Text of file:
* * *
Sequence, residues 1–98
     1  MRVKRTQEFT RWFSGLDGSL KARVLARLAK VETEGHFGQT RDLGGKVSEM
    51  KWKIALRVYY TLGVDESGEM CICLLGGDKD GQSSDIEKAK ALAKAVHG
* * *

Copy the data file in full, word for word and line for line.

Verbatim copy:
Sequence, residues 1–98
     1  MRVKRTQEFT RWFSGLDGSL KARVLARLAK VETEGHFGQT RDLGGKVSEM
    51  KWKIALRVYY TLGVDESGEM CICLLGGDKD GQSSDIEKAK ALAKAVHG